The supplemental Draft EIS is soon to be released for Juneau Access and I'm curious if all the up-to-date information will be a part of this document.
The Fairweather has proven successful when given a chance to run a consistent schedule up the Lynn Canal. Even Gov. Frank Murkowski acknowledged that fact in front of the Alaska Travel Industry Association in Fairbanks during its fall gathering.
Sixty-two percent of Skagway citizens have voted for improved ferry service. This is consistent with past polls taken in the upper Lynn Canal and hopefully is strongly considered in any decision-making document the state puts forward. The city of Skagway also recently passed the Dewey Lakes Special Management Area ordinance, which seeks to preserve its most heavily used recreation area. The state Department of Transportation sent several people, including an attorney from the Department of Law, to meetings in Skagway to try to influence the vote on this plan. However the council recognized that the community wanted this ordinance and passed a very well-thought-out management plan that protects historical and future uses of this area.
The plan may require the state to look at the most prudent and feasible alternatives to a road through the Dewey Lakes Recreation Area. The alternative doesn't have to be a $70 million tunnel, as Pat Kemp from DOT suggested in a recent Empire article.
What about a successful ferry route? The Fairweather and the mainliners have shown that this route is profitable and a recent study conducted by the Lynn Canal Transportation Project, funded by a group of private citizens, shows that ferry service can be operated in the Lynn Canal at a 13 percent profit. The state also suggested that because of this recreation area, a ferry terminal would have to be built on the Katzehin River. If you look in the Southeast Area Transportation Plan they were already planning on a ferry terminal on the Katzehin.
I truly believe that the state has twisted and corrupted the planning process for Juneau Access. Officials from Skagway met with John MacKinnon of DOT this past winter to discuss their boat harbor deferred maintenance money. Before that discussion even began Mr. MacKinnon brought up the right of way through the Dewey Lakes. What did that have to do with the Skagway Boat Harbor? I was one of those officials and I got to see how the system can be abused. Thanks to some strong work by our lobbyist and Rep. Albert Kookesh we were able to secure our needed maintenance money and will soon be able to start fixing up our neglected boat harbor.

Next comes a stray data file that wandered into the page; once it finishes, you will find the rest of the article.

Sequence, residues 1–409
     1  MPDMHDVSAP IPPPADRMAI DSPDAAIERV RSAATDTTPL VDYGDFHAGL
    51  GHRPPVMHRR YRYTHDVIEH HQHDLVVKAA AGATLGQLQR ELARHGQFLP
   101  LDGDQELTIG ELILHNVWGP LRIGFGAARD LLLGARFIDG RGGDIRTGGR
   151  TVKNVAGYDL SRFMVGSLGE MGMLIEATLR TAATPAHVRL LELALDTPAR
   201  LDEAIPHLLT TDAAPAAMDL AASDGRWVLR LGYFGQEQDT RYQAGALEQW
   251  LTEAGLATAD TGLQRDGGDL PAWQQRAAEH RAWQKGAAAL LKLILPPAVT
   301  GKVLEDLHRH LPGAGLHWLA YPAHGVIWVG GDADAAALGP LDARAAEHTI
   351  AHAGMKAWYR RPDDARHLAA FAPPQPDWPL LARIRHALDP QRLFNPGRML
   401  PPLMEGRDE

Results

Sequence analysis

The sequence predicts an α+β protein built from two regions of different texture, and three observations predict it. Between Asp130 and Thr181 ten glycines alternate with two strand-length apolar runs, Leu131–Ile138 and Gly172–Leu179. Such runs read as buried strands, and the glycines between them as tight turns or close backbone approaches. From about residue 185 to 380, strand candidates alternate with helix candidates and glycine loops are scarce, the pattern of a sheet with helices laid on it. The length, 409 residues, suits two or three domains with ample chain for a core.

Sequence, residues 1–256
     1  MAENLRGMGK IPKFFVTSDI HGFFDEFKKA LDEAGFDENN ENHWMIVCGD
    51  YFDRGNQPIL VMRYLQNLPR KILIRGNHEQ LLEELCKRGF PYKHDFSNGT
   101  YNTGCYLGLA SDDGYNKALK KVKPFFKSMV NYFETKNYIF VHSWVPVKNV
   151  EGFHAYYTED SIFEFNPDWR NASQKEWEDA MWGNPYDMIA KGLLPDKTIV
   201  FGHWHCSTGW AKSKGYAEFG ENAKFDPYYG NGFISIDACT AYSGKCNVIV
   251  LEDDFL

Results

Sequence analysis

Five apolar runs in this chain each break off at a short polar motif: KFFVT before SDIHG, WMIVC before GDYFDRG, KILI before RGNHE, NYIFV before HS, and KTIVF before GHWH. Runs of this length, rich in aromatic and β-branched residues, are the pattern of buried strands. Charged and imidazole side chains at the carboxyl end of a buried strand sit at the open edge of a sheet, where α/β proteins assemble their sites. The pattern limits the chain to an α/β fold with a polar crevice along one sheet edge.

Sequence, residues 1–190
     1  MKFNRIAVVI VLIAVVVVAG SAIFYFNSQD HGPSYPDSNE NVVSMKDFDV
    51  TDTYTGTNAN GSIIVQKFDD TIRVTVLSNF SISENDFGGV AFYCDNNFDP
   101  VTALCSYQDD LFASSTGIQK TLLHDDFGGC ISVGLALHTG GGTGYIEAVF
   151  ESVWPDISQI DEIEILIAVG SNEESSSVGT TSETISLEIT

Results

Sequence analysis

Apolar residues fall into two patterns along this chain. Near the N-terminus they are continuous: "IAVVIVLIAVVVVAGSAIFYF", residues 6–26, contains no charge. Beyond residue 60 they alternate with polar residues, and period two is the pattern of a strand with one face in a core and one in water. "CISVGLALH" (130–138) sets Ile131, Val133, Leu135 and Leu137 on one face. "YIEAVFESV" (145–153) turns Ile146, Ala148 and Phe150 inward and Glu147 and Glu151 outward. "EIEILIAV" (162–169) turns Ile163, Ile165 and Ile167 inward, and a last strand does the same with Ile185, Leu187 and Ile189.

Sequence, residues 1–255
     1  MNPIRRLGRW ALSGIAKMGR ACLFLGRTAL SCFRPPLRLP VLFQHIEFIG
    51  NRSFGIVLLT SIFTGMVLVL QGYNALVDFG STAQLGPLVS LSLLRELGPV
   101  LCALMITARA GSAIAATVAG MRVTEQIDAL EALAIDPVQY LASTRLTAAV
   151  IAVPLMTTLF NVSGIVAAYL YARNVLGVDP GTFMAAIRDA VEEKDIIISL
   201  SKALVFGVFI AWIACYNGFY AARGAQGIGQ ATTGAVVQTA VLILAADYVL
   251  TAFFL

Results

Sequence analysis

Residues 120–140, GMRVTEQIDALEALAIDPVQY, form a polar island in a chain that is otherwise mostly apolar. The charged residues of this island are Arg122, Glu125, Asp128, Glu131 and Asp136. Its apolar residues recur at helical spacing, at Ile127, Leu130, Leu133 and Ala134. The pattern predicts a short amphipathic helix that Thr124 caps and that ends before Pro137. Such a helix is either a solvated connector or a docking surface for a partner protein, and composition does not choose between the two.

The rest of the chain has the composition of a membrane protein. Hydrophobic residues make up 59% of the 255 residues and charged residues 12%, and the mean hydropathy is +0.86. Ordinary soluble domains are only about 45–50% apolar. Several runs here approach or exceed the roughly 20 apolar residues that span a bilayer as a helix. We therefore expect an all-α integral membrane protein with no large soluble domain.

There was even an attempt to get the mayor to sign a Joint Planning Agreement without the approval of the Skagway City Council. The mayor was given no indication that had he signed this agreement that it would have precluded Section 4(f) designation.
I'm tired of the bully tactics the state continues to employ in their desire to build a road. The city of Skagway has set up a working group to try to find some common ground. The state is currently pursuing a right of way through the Lower Dewey Lakes area.
Skagway itself may not be able to stop a road through its lands, however it can and should have a say in how it manages its resources. The supplemental Draft EIS needs to have all the pertinent information up to date and needs to follow the process without being corrupted to drive a certain agenda. If it does not then the process has failed
Mike Korsmo is a member of the Skagway City Council.